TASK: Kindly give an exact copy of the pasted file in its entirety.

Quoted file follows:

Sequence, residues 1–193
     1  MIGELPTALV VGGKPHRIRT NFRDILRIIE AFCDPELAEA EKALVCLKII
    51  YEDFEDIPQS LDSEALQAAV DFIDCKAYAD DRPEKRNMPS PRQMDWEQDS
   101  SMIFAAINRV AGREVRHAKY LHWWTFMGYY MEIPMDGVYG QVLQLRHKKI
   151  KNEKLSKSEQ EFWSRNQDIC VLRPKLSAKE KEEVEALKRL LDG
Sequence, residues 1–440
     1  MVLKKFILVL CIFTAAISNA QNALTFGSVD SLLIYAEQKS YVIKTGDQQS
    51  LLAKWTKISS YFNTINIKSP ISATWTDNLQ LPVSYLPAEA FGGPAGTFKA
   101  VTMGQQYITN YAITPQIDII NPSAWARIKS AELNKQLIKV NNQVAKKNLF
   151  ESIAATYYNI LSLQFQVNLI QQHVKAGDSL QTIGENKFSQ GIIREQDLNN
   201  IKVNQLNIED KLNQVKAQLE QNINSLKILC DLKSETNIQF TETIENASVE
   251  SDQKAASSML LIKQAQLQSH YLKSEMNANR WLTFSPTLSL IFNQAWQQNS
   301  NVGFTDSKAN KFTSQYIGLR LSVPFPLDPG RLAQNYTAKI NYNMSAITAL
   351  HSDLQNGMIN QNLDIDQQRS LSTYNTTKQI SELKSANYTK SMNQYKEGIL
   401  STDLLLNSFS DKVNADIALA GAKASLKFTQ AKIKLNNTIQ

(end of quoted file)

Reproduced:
Sequence, residues 1–193
     1  MIGELPTALV VGGKPHRIRT NFRDILRIIE AFCDPELAEA EKALVCLKII
    51  YEDFEDIPQS LDSEALQAAV DFIDCKAYAD DRPEKRNMPS PRQMDWEQDS
   101  SMIFAAINRV AGREVRHAKY LHWWTFMGYY MEIPMDGVYG QVLQLRHKKI
   151  KNEKLSKSEQ EFWSRNQDIC VLRPKLSAKE KEEVEALKRL LDG
Sequence, residues 1–440
     1  MVLKKFILVL CIFTAAISNA QNALTFGSVD SLLIYAEQKS YVIKTGDQQS
    51  LLAKWTKISS YFNTINIKSP ISATWTDNLQ LPVSYLPAEA FGGPAGTFKA
   101  VTMGQQYITN YAITPQIDII NPSAWARIKS AELNKQLIKV NNQVAKKNLF
   151  ESIAATYYNI LSLQFQVNLI QQHVKAGDSL QTIGENKFSQ GIIREQDLNN
   201  IKVNQLNIED KLNQVKAQLE QNINSLKILC DLKSETNIQF TETIENASVE
   251  SDQKAASSML LIKQAQLQSH YLKSEMNANR WLTFSPTLSL IFNQAWQQNS
   301  NVGFTDSKAN KFTSQYIGLR LSVPFPLDPG RLAQNYTAKI NYNMSAITAL
   351  HSDLQNGMIN QNLDIDQQRS LSTYNTTKQI SELKSANYTK SMNQYKEGIL
   401  STDLLLNSFS DKVNADIALA GAKASLKFTQ AKIKLNNTIQ